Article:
A supremely important presidential issue is being generally neglected because Democrats have nothing interesting to say about it and Republicans differ among themselves about it. Four Supreme Court justices are into the fourth quarters of their potential centuries — Stephen G. Breyer (77), Antonin Scalia (79), Anthony M. Kennedy (79) and Ruth Bader Ginsburg (82). So, presidential candidates should explain the criteria by which they would select judicial nominees.
Regarding jurisprudence, Democrats are merely results-oriented, interested in guaranteeing three outcomes: expanding government’s power to prevent protection of unborn babies, expanding government’s power to regulate speech about the government (“campaign finance reform”) and expanding government’s power to discriminate for the benefit of certain government-preferred groups (“race-based remedies”).
Republicans cannot speak their minds about the judicial supervision of democracy because their minds are unsettled. Fortunately, they are being urged, by thinkers such as Randy Barnett, to adopt a vocabulary that is disconcerting to conservatives who have grown lazily comfortable with rhetorical boilerplate in praise of “judicial restraint.”
Barnett, a professor at Georgetown University’s law school, recently took to a place that needs it — the University of California at Berkeley — this message: “The judicial passivism of the Supreme Court has combined with the activism of both Congresses and presidents to produce a behemoth federal government, which seemingly renders the actual Constitution a mere relic, rather than the governing document it purports to be.”
In his lecture “Is the Constitution Libertarian?” Barnett acknowledged that in many respects, American life “feels freer” than ever, and that we have more choices in living as we wish. In many other ways, however, the sphere of freedom is too constricted, and individual rights are too brittle, because for decades America’s Lockeans have been losing ground to Hobbesians: “The Lockeans are those for whom individual liberty is their first principle of social ordering, while the Hobbesians are those who give the highest priority to government power to provide social order and to pursue social ends.”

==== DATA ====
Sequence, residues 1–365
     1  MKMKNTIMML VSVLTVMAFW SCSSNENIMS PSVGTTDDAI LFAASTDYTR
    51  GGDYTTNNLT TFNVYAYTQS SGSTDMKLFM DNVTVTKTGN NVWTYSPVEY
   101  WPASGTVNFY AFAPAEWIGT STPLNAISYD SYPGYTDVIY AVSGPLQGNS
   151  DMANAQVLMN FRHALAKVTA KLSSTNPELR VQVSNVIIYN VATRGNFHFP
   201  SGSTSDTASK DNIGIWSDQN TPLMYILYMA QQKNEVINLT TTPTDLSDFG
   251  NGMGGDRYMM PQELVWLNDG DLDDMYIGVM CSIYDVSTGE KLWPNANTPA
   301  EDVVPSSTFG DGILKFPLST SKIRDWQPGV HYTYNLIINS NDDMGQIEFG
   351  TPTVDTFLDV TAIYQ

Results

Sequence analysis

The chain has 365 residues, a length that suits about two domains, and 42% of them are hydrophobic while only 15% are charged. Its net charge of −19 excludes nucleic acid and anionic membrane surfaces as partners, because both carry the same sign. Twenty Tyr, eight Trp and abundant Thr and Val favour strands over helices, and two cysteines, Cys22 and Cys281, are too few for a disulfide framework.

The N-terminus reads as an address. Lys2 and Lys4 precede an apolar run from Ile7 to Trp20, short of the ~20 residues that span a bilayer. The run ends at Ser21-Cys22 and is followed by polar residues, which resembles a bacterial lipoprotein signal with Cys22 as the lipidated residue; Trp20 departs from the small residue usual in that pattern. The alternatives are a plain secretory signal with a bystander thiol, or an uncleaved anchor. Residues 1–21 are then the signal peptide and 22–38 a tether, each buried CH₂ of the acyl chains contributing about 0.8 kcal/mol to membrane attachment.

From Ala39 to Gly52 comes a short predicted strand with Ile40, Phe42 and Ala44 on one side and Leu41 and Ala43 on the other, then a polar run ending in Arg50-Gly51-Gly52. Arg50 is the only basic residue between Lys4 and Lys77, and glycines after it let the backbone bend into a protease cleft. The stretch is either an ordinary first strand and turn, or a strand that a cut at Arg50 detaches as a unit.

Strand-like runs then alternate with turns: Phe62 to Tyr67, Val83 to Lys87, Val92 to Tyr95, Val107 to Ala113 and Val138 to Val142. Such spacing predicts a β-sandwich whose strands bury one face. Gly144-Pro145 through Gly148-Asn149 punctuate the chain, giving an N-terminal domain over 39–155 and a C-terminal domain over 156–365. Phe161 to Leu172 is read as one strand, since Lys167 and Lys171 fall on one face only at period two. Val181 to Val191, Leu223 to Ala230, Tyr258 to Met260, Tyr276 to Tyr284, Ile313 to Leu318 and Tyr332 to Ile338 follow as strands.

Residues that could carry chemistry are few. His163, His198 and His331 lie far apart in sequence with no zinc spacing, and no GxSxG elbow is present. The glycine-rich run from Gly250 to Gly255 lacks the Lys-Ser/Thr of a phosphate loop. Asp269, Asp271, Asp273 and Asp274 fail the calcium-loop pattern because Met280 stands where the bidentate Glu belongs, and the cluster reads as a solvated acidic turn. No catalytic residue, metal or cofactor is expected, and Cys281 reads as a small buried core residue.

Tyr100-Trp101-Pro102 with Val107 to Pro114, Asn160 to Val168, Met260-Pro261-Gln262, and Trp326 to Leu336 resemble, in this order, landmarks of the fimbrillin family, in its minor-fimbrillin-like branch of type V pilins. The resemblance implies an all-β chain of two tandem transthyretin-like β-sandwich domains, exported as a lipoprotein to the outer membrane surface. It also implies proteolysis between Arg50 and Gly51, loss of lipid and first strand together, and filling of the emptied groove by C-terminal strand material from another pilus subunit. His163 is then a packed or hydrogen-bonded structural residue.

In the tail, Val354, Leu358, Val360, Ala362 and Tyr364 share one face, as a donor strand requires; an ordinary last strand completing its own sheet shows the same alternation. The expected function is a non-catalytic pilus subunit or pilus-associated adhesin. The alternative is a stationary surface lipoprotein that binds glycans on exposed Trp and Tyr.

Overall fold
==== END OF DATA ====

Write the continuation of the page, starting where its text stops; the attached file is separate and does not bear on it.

Not all Hobbesians are progressives, but all progressives are Hobbesians in that they say America is dedicated to a process — majoritarian decision-making that legitimates the government power it endorses. Not all Lockeans are libertarians, but all libertarians are Lockeans in that they say America is dedicated to a condition — liberty. It is, as Lincoln said, dedicated to the proposition that all people are equal in possession of natural rights.
Lockeans favor rigorous judicial protection of certain individual rights — especially private property and freedom of contract — that define and protect the zone of sovereignty within which people are free to act as they please. Hobbesians say the American principle is the right of the majority to have its way. Last year, 54 Democratic senators (including two so-called independents), Hobbesians all, voted to amend the First Amendment (“Congress shall make no law . . . abridging the freedom of speech”) to empower majoritarian government to regulate the quantity, content and timing of political speech.
Lockeans say the Constitution, properly construed and enforced by the judiciary, circumscribes the majoritarian principle by protecting all rights that are crucial to individual sovereignty. Lockeans say the Constitution codifies the Declaration of Independence, which, in its most neglected word, says governments are instituted to “secure” natural rights.
Government, says Barnett, serves liberty when its regulations “coordinate individual conduct as do, for example, traffic regulations mandating driving on one side of the street or the other.” Lockeans say that our natural rights, only some of which are enumerated in the Constitution (the Ninth Amendment: “The enumeration in the Constitution, of certain rights, shall not be construed to deny or disparage others retained by the people”), place on government the heavy burden of justifying restrictions of these rights. And, Barnett argues, a nonpassive, properly engaged judiciary bears the burden of saying when the government has not justified its restrictions as necessary and proper.
So, Barnett says, yes, the Constitution — “the law that governs those who govern us” — is libertarian. And a Lockean president would nominate justices who would capaciously define and vigorously defend, against abuses by majoritarian government, what the 14th Amendment calls Americans’ “privileges or immunities.”
Today, Democrats’ intraparty arguments are dull as ditchwater because they concern nothing fundamental, only how rapidly and broadly to expand Hobbesian government’s redistributive and regulatory reach. Republican presidential aspirants must be forced to join their party’s intramural arguments about the judiciary’s proper function. Then we can distinguish the Lockean constitutionalists from the merely rhetorical conservatives whose reflexive praise of “judicial restraint” serves the progressives’ Hobbesian project of building an ever-larger Leviathan.